One common transposition method is known as the rail fence method. In this method, the message is written with alternate letters being placed into separate upper and lower lines. The half of the message written on the lower line is appended to the first half found on the upper line. This is called a 2-row railfence method since the plaintext message is divided into 2 rows.
plaintext: a rose by any other name would smell as sweet 2-row separation: A O E Y N O H R A E O L S E L S W E R S B A Y T E N M W U D M L A S E T ciphertext: AOEYN OHRAE OLSEL SWERS BAYTE NMWUD MLASE T
This same method could be modified to have 3 or more rows. Notice the "zig-zag" pattern that the text follows as it goes from the upper row, to the middle row, to the lower row, then back to the middle row before returning to the upper row.
plaintext: a rose by any other name would smell as sweet 3-row separation: A E N H A O S L W R S B A Y T E N M W U D M L A S E T O Y O R E L E S E ciphertext: AENHA OSLWR SBAYT ENMWU DMLAS ETOYO RELES E
When using a rail fence cipher, the key is the number of rows that the plaintext was divided into to complete the transposition. Both the sender and the receiver need this key in order to encipher and decipher their respective messages.
Since the key is the number of rows used, that sets a limit on the number of possible keys. Take our example message of 36 characters. Since you can't have a key value of 0, there's a theoretical limit of 36 possible keys, some more useful than others. Below you'll find all possible encryptions that use keys from 1 to 36. Are there any values that don't seem like very good choices?
plaintext = 'a rose by any other name would smell as sweet' plaintext = plaintext.replace(' ', '').upper() mykey = 2 # Python3 program to illustrate # Rail Fence Cipher Encryption # and Decryption # function to encrypt a message def encryptRailFence(text, key): # create the matrix to cipher # plain text key = rows , # length(text) = columns # filling the rail matrix # to distinguish filled # spaces from blank ones rail = [['\n' for i in range(len(text))] for j in range(key)] # to find the direction dir_down = False row, col = 0, 0 for i in range(len(text)): # check the direction of flow # reverse the direction if we've just # filled the top or bottom rail if (row == 0) or (row == key - 1): dir_down = not dir_down # fill the corresponding alphabet rail[row][col] = text[i] col += 1 # find the next row using # direction flag if dir_down: row += 1 else: row -= 1 # now we can construct the cipher # using the rail matrix result =  for i in range(key): for j in range(len(text)): if rail[i][j] != '\n': result.append(rail[i][j]) return("" . join(result)) print("Key: 01 Ciphertext: ", plaintext) for i in range(2, len(plaintext)+1): print("Key:", str(i).zfill(2), "Ciphertext: ", encryptRailFence(plaintext, i) )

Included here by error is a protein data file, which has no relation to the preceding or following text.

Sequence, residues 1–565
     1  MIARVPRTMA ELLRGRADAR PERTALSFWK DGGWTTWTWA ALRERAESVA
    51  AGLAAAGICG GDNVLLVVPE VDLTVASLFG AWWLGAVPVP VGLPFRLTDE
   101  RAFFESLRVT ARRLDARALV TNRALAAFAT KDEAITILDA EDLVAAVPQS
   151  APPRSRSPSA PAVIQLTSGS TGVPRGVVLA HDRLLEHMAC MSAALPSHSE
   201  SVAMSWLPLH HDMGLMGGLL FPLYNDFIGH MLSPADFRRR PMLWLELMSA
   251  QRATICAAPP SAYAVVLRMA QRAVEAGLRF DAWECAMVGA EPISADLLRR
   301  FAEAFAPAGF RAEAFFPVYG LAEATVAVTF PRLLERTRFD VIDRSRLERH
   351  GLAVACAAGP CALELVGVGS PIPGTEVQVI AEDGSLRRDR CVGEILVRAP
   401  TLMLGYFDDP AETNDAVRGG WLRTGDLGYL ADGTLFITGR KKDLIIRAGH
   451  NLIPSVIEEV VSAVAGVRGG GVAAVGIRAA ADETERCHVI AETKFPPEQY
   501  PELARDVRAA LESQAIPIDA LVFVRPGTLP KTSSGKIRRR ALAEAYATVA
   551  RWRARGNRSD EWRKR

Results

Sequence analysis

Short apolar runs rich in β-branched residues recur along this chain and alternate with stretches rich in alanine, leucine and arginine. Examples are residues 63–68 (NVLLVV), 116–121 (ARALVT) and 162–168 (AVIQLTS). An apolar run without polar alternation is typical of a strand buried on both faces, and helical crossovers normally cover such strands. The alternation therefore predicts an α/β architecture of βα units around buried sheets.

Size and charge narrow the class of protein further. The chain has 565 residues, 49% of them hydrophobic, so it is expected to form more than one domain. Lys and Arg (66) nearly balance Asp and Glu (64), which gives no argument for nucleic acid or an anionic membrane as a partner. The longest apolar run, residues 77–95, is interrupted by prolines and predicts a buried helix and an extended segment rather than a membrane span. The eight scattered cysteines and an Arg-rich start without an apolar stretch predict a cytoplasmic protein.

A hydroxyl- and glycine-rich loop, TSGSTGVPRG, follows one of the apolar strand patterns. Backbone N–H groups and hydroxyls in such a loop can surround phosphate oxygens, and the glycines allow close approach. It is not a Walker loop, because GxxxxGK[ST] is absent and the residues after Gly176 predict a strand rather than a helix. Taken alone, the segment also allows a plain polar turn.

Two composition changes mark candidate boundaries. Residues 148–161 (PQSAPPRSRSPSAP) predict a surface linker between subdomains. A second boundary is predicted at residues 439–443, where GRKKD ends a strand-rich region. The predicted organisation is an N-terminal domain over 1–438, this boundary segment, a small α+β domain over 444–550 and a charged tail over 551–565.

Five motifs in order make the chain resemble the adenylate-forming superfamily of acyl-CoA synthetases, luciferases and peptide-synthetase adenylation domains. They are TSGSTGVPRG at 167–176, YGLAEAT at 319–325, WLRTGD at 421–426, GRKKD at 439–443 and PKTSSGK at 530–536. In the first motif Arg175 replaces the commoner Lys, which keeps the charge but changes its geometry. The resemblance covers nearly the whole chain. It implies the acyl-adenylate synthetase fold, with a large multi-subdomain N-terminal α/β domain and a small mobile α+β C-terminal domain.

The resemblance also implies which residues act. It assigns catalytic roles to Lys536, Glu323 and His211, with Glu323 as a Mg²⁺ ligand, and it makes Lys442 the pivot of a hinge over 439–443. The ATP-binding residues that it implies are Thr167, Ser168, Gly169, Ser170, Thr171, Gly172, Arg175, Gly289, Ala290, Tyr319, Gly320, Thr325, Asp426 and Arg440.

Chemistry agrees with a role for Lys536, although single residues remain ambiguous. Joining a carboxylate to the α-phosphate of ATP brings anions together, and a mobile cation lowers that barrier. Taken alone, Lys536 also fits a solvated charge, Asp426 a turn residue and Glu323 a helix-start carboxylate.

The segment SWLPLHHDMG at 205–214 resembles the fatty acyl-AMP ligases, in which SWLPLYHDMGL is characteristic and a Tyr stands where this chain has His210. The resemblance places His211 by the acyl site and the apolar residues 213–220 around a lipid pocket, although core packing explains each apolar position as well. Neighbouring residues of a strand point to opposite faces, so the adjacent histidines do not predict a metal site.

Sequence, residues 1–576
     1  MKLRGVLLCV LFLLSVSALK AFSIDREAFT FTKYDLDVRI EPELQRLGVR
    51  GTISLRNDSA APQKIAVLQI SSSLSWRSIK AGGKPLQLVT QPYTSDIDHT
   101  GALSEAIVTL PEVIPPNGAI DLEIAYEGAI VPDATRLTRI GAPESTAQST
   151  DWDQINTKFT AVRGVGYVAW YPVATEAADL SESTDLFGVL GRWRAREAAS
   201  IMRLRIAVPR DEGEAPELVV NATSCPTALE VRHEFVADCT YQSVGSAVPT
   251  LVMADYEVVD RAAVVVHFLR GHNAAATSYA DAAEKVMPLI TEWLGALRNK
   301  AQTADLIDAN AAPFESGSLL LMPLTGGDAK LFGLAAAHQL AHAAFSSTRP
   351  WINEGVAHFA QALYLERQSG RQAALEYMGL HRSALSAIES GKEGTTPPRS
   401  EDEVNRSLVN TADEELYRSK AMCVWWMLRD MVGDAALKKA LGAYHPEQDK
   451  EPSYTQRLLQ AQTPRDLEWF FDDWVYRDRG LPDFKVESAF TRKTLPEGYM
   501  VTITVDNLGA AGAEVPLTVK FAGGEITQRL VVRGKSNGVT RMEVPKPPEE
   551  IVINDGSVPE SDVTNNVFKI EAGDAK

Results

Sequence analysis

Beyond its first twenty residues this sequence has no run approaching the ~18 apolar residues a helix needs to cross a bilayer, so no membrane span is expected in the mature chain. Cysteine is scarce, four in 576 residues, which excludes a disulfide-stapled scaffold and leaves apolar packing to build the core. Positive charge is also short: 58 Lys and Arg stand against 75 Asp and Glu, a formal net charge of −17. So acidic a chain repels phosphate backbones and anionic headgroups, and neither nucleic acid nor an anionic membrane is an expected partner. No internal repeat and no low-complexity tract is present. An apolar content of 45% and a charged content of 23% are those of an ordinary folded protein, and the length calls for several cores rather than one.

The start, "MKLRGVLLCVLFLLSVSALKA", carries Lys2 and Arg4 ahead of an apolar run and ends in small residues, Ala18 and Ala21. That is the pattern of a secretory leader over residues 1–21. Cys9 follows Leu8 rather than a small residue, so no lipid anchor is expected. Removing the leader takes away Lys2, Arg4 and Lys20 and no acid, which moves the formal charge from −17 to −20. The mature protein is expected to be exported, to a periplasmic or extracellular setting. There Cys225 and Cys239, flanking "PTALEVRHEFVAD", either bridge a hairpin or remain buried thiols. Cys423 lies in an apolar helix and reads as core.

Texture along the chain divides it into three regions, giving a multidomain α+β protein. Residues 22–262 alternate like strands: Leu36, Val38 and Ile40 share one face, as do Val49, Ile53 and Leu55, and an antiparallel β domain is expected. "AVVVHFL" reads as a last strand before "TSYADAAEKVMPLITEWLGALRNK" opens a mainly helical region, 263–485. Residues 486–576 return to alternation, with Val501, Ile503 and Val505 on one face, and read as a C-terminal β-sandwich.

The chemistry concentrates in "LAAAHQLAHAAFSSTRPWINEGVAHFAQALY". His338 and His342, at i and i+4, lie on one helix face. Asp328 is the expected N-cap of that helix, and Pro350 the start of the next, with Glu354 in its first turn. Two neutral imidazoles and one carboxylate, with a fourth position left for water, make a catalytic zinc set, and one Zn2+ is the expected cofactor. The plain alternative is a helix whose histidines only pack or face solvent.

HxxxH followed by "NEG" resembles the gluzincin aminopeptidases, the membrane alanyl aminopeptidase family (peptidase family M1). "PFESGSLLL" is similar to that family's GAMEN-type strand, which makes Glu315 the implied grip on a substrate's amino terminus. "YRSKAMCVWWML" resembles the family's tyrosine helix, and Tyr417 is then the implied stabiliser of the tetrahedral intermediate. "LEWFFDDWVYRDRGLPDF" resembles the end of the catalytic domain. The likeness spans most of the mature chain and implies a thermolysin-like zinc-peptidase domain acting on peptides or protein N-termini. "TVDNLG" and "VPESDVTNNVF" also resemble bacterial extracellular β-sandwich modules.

Key: 01 Ciphertext: AROSEBYANYOTHERNAMEWOULDSMELLASSWEET Key: 02 Ciphertext: AOEYNOHRAEOLSELSWERSBAYTENMWUDMLASET Key: 03 Ciphertext: AENHAOSLWRSBAYTENMWUDMLASETOYORELESE Key: 04 Ciphertext: AYHESSRBATEMWDMASTOENORAOLELWESYNULE Key: 05 Ciphertext: ANASWRAYNMDMSEOYORELESESBTEWULATEHOL Key: 06 Ciphertext: AOOSRYTWUASONHELLWSAEMDLEEYRASEEBNMT Key: 07 Ciphertext: AHSRTEDMTOORLEESYNULEENAOLWBAMWASYES Key: 08 Ciphertext: ARLRENLAOHAESSTMMSEOESWBYWDEYNOLEAUT Key: 09 Ciphertext: AAWRNMSEORESESEWATEHOLBTULYOLEAYDMNS Key: 10 Ciphertext: AERMWTOAOESNUEERLWBEDSYHSSATMANOELYL Key: 11 Ciphertext: AORWUOELSMDEASBNMTYREEAELENHLWYTASOS Key: 12 Ciphertext: ALRUDOOSSWMEEEBMLYALANANRSYESTOHWETE Key: 13 Ciphertext: ASRDMOLESULEOLBWAYESAMSNAWYNEORETETH Key: 14 Ciphertext: AERMLOSLSDAELSBUSYOWAWENEEYMTOATNHRE Key: 15 Ciphertext: ALRLAOESSMSESWBDEYLEAUTNOYWOETMHAENR Key: 16 Ciphertext: ASRASOLWSLEEEEBMTYSADNLYUOOTWHEEMRAN Key: 17 Ciphertext: AWRSEOSESATELBLYEAMNSYDOLTUHOEWRENMA Key: 18 Ciphertext: AERETOWSSESBAYLALNEYMOSTDHLEURONWAEM Key: 19 Ciphertext: ARTOESEEWBSYSAANLYLOETMHSEDRLNUAOMWE Key: 20 Ciphertext: AROSTEEBEYWASNSYAOLTLHEEMRSNDALMUEOW Key: 21 Ciphertext: AROSEBTYEAENWYSOSTAHLELRENMASMDELWUO Key: 22 Ciphertext: AROSEBYATNEYEOWTSHSEARLNLAEMMESWDOLU Key: 23 Ciphertext: AROSEBYANYTOETEHWESRSNAALMLEEWMOSUDL Key: 24 Ciphertext: AROSEBYANYOTTHEEERWNSASMAELWLOEUMLSD Key: 25 Ciphertext: AROSEBYANYOTHETRENEAWMSESWAOLULLEDMS Key: 26 Ciphertext: AROSEBYANYOTHERNTAEMEEWWSOSUALLDLSEM Key: 27 Ciphertext: AROSEBYANYOTHERNAMTEEWEOWUSLSDASLMLE Key: 28 Ciphertext: AROSEBYANYOTHERNAMEWTOEUELWDSSSMAELL Key: 29 Ciphertext: AROSEBYANYOTHERNAMEWOUTLEDESWMSESLAL Key: 30 Ciphertext: AROSEBYANYOTHERNAMEWOULDTSEMEEWLSLSA Key: 31 Ciphertext: AROSEBYANYOTHERNAMEWOULDSMTEELELWASS Key: 32 Ciphertext: AROSEBYANYOTHERNAMEWOULDSMELTLEAESWS Key: 33 Ciphertext: AROSEBYANYOTHERNAMEWOULDSMELLATSESEW Key: 34 Ciphertext: AROSEBYANYOTHERNAMEWOULDSMELLASSTWEE Key: 35 Ciphertext: AROSEBYANYOTHERNAMEWOULDSMELLASSWETE Key: 36 Ciphertext: AROSEBYANYOTHERNAMEWOULDSMELLASSWEET
It would appear by the time you exceed a key value of 18, or half the largest possible key value, you can start to see fragments of the plaintext emerging. This is because with a key value of 19, thus creating 19 rows to fill, the zig zag pattern doesn't have enough letters to complete one full pass from the top row to the bottom and back to the top. As a result, when reading across the rows, the first few rows only contain a single letter. For example:
A R T O E S E E W B S Y S A A N L Y L O E T M H S E D R L N U A O M W E
So, in general a message of length $n$ has $n$ possible keys, but any key value larger than $n/2$ will begin to leak information about the plaintext. Additionally, a key value of 1 does not encrypt the message at all. If you knew that a message was enciphered using a rail fence method, it wouldn't take too long to try all possible key lengths up to $n/2$ and see which one produces a readable plaintext message.